Participants
Participants were occupational therapy practitioners from a large metropolitan area of the southern United States. Interviews continued with participants from each setting until saturation of data or a redundancy of themes and comments emerged. More variation was noted among clinic respondents, so more interviews were conducted there. Twenty-eight practitioners were interviewed: 9 school-based practitioners (SBP) from six school districts, 12 clinic practitioners from eight clinics, and 7 home practitioners from two home health agencies and four early childhood intervention (ECI) agencies. See Table 1 for participant demographics.
Table 1.
Demographics of Occupational Therapy Practitioner Respondents
Demographics of Occupational Therapy Practitioner Respondents×
DemographicHome Based (ECI, n = 5; HH, n = 2)Clinic Based (n = 12)School Based (n = 9)
Age, yr
 25–35282
 35–50324
 >50223
Years practiced
 <5274
 5–15122
 >15433
Parent, n
 Yes666
 No163
OT or COTA, n
 OT7118
 COTA011
Gender, n
 Female7119
 Male010
Table Footer NoteNote. COTA = certified occupational therapy assistant; ECI = early childhood intervention; HH = home based; OT = occupational therapist.
Note. COTA = certified occupational therapy assistant; ECI = early childhood intervention; HH = home based; OT = occupational therapist.×
Table 1.
Demographics of Occupational Therapy Practitioner Respondents
Demographics of Occupational Therapy Practitioner Respondents×
DemographicHome Based (ECI, n = 5; HH, n = 2)Clinic Based (n = 12)School Based (n = 9)
Age, yr
 25–35282
 35–50324
 >50223
Years practiced
 <5274
 5–15122
 >15433
Parent, n
 Yes666
 No163
OT or COTA, n
 OT7118
 COTA011
Gender, n
 Female7119
 Male010
Table Footer NoteNote. COTA = certified occupational therapy assistant; ECI = early childhood intervention; HH = home based; OT = occupational therapist.
Note. COTA = certified occupational therapy assistant; ECI = early childhood intervention; HH = home based; OT = occupational therapist.×
×
Data Collection
Participants were notified of the study through direct contact or program directors. Volunteers were interviewed in either a face-to-face or a telephone format using a series of questions with a variety of probes for elaboration. Participants were asked about (1) communication with parents, (2) definition of FCP, (3) elements of FCP incorporated in their practice, (4) elements of FCP not incorporated in their practice, (5) observed family outcomes, and (6) how a questionnaire describing parental challenges to life participation might influence their practice. Institutional review board approval was obtained from the appropriate institution, and all respondents provided informed consent.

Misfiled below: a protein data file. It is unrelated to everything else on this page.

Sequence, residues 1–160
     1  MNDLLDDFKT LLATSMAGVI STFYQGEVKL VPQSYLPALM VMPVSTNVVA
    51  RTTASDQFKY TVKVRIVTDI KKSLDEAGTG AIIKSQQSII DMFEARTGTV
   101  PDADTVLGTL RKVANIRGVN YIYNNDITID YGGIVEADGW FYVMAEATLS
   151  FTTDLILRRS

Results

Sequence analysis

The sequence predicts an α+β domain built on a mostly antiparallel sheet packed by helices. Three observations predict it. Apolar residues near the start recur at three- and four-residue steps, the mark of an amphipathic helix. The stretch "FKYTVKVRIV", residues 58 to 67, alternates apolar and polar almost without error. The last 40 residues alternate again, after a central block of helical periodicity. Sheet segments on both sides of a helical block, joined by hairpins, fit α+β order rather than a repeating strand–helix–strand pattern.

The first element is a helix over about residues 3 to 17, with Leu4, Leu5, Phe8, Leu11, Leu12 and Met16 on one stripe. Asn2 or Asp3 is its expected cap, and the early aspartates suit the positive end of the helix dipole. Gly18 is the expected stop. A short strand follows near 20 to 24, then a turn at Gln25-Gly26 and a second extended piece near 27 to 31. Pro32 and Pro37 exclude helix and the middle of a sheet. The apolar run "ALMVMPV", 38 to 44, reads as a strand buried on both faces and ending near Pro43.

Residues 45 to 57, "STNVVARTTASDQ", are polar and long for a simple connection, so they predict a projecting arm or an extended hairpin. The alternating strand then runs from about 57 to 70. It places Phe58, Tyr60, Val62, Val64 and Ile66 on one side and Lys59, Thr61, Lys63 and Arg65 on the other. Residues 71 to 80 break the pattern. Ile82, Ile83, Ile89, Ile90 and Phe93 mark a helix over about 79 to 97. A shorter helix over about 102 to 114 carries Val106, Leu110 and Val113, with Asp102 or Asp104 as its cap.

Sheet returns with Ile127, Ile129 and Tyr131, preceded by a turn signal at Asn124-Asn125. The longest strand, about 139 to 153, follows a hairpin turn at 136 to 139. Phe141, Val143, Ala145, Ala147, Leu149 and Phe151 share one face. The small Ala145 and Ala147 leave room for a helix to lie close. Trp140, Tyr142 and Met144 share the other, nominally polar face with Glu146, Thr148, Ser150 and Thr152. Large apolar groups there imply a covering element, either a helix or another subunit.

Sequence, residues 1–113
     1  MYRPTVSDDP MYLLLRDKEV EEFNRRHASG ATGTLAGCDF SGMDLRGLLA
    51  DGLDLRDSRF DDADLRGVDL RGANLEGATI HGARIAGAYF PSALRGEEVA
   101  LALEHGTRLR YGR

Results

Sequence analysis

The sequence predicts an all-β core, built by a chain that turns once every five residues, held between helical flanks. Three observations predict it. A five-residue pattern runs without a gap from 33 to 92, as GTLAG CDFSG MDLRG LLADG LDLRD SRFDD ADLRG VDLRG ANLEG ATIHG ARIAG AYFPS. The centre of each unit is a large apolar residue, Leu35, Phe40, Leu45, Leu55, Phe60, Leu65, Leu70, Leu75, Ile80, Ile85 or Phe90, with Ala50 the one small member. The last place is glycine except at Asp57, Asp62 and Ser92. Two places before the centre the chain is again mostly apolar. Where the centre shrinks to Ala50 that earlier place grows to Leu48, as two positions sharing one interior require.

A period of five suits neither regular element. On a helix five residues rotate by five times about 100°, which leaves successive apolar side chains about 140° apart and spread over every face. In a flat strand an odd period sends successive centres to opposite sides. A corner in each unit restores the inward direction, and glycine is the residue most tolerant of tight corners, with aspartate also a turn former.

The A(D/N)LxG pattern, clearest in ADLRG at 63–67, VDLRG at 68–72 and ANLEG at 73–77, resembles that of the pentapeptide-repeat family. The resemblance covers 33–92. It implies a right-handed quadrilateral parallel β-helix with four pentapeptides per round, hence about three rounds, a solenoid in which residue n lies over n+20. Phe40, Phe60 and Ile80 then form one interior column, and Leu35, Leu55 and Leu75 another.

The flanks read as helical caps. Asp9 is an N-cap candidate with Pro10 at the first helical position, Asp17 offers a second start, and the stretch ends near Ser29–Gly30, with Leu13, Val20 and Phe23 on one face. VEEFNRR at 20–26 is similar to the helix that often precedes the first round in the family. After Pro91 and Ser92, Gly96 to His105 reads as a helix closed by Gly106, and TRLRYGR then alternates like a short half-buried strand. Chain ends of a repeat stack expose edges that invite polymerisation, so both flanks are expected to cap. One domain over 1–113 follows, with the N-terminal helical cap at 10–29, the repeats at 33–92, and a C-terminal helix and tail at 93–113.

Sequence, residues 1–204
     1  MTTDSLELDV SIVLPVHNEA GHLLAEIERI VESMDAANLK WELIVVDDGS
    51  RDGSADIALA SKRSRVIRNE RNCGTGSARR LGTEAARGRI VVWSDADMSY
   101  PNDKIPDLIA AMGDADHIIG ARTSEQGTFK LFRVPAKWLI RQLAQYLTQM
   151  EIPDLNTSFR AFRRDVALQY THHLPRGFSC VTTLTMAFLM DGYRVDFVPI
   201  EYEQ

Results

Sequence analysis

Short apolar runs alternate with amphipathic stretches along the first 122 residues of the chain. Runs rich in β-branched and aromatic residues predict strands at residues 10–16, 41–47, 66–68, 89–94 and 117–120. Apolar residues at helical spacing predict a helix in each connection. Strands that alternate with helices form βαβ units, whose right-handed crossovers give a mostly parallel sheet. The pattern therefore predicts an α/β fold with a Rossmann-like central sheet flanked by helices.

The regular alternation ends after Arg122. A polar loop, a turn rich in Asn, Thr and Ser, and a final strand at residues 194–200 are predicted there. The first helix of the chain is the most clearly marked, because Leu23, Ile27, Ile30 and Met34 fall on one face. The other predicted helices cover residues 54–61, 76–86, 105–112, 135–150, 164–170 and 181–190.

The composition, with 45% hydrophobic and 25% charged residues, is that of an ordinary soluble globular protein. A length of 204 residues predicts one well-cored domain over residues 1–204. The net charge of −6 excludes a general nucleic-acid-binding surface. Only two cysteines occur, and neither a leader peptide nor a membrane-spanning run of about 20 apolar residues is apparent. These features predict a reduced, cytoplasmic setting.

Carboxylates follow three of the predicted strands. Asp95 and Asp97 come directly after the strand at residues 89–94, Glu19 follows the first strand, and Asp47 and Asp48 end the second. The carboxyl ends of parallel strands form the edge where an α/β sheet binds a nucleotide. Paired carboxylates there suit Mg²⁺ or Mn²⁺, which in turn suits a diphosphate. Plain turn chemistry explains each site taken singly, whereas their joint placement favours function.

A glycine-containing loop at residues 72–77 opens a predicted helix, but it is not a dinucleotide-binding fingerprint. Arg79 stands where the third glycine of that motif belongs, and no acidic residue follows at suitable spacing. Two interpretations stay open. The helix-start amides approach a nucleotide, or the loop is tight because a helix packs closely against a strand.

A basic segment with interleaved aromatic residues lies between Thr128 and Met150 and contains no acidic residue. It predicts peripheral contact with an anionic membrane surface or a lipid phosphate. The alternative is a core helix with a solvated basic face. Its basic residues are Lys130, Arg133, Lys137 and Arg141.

Data Analysis
All interviews were audio recorded and transcribed verbatim. To assist with coding of the data, we used the NVivo 9 software program (QSR International, Burlington, MA), which allowed axial coding from the initial categories to explore causal relationships and contexts relevant to the phenomenon of FCP (Creswell, 2007). All transcripts were coded by the first author (Patricia E. Fingerhut) and independently coded by another author for triangulation of the data.
Results
Interview responses showed a continuum of FCP, with home-based practice the most family centered, school-based practice the least family centered, and private practice falling in between.
Communication With Parents
Respondents practicing in home-based settings reported regular and extensive communication with parents, including verbal communication, modeling, and written documentation. Sherri (ECI) stated that she interacted with parents “throughout the 45 minutes or 1 hour that you may be out in the home … it’s a very active process with the parent.”
Most clinic therapists reported a quick conversation with parents after therapy sessions, although some parents were active participants in the session. Ashley (clinic) stated, “Well, some of the parents will come into the session and stay with us, so during the session I’m communicating with them, and then some parents tend to stay in the waiting room.” Laura (clinic) had a similar answer: “Typically after the session I will go out and give a summary of what happened. Sometimes that doesn’t get to happen if they have [occupational therapy] and then transition into another discipline.”
School therapists reported far less communication with parents. Although all therapists reported attempting to contact parents at the time of the initial evaluation, regular contact was very rare. Michelle (SBP) described the variance in her practice with apparent frustration: “I have parents who I communicate with probably once a month, and I have parents who I haven’t spoken with.” Jeri (SBP) responded, “I talk to all parents at least once a year… . It really depends on how much they’re interested in contacting me.”
Therapists’ Definition of Family-Centered Practice